To illustrate why Christianity had failed to take root in Japan the “inquisitor” Inoue (played by Issey Ogata) says to Rodrigues (Andrew Garfield) that, to paraphrase, “Christianity won’t take root in Japan because Japan is a swamp, a wasteland where nothing can grow.”

To one familiar with Buddhism, this image of a swampy wasteland is really a classical metaphor. Travelling through Japan and other parts of Asia, tourists often stop to marvel at beautiful lotuses growing in city parks, shrine and temple gardens, and other places. These beautiful flowers grow in swampy conditions. The contrast between the lotus’s beauty and the filthy swamp from which it sprouts sometimes seems paradoxical. This paradox was not lost on followers of Buddhism. Lotus imagery commonly appears in Buddhist art, but the image of the beautiful, pure lotus shooting up through the filthy mud is a metaphor that Buddhists use quite purposefully in their teachings. Take for example this quote:

“The Buddha, like a lotus, is determined to grow out of the muddy surroundings, that is the defilements and sufferings of life.”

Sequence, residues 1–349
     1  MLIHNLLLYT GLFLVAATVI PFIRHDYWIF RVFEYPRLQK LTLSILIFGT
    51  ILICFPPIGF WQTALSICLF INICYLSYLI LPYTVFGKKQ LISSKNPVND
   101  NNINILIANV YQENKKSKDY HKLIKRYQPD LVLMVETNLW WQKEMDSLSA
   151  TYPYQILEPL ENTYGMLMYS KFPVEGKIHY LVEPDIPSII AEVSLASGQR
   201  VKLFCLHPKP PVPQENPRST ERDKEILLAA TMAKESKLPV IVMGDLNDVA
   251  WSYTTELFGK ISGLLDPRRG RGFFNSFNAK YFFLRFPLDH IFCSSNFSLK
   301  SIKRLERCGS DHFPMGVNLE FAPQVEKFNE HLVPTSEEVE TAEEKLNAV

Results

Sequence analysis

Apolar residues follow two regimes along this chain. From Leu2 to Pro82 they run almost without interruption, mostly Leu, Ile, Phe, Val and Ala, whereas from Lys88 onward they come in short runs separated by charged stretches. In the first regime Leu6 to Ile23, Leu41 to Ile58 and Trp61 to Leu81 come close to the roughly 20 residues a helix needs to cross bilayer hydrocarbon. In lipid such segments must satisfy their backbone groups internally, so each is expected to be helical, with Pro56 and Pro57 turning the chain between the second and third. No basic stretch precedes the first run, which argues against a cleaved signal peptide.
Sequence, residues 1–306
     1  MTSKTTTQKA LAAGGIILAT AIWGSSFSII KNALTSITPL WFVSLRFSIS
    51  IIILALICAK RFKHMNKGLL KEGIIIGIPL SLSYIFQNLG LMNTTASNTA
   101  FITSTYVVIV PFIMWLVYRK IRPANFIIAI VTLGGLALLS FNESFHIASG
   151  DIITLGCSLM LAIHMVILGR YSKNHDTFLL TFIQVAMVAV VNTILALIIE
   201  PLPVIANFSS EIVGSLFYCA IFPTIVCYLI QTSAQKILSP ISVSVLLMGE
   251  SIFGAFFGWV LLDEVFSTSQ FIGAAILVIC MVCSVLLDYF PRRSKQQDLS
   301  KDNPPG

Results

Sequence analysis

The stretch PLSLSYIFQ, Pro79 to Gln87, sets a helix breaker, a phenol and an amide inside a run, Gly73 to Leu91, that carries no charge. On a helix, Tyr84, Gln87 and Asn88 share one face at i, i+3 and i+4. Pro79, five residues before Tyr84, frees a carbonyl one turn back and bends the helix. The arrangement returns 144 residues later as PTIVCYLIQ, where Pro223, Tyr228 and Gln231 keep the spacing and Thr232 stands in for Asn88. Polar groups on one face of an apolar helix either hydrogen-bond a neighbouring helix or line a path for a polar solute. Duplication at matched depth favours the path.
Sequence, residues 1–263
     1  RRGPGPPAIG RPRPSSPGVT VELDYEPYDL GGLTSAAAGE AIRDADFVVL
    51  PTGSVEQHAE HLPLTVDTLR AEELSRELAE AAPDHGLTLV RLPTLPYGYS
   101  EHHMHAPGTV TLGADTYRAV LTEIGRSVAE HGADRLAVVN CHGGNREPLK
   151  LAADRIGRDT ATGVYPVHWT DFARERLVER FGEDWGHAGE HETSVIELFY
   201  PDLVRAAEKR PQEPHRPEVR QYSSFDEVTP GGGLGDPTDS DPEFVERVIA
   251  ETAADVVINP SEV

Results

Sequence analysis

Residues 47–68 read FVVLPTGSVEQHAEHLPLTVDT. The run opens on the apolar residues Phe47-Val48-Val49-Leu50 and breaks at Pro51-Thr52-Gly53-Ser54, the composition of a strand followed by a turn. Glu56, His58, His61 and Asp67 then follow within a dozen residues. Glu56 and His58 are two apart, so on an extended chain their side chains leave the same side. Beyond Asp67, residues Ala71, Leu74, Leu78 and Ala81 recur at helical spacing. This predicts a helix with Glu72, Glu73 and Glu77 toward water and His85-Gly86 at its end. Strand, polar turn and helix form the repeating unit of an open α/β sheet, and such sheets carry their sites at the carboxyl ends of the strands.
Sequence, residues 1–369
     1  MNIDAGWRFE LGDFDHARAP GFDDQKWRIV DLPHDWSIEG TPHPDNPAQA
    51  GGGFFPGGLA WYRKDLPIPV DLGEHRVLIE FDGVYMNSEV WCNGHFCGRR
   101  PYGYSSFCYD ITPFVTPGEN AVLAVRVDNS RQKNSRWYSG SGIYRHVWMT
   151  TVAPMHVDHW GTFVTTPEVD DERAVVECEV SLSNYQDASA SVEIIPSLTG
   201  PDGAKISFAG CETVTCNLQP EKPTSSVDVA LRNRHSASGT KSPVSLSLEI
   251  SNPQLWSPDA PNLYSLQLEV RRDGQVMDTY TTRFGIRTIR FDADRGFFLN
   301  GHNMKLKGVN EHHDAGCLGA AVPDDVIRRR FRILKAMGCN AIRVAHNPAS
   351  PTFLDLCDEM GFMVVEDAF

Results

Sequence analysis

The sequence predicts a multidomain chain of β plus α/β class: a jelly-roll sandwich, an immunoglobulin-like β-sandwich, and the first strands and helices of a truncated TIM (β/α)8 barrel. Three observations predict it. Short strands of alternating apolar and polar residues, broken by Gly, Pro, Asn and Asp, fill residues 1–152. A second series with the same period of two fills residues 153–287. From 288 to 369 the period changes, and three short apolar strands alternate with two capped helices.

It may have sounded like Inoue was disparaging Japan by calling it a wasteland and saying nothing could grow there, but really this is a classical Buddhist metaphor for this entire world, not only Japan. If Rodrigues had known better, he would have easily been able to say that Christianity, like Buddhism, could be a lotus springing up from the swamp.

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Lotuses growing in Akita!

2. The Buddhist Version of Redemption and/or Forgiveness

Kichijiro (Yōsuke Kubozuka) plays roles similar to that of a jester, a fool, or a Judas, but more importantly he is the snitch who gets dozens of innocent peasants tortured and killed. When I saw the film, Kichijiro’s antics caused quite a bit of laughter from the audience, especially the countless scenes in which he returns to the missionaries asking for forgiveness. Even though he purposefully turns in Christians to the authorities, which consequently gets them killed, he still wants forgiveness from the priests so that he may go to heaven. Audiences may wonder, “How could he be so foolish as to think that he’ll actually be forgiven and go to heaven?”

Many people may ridicule the Catholic doctrine of forgiveness through God’s grace, especially because forgiveness is possible no matter how atrocious the sin. Illustrating this, the worst case scenario would be if there was a mass murderer who made an act of contrition on his/her deathbed. According to Catholic doctrine, even this person could [possibly] be absolved of sin and enter heaven. Japanese people would have been very receptive to this notion of a last minute holy redemption because of the teachings of Pure Land Buddhism (Jōdo-shū 浄土宗).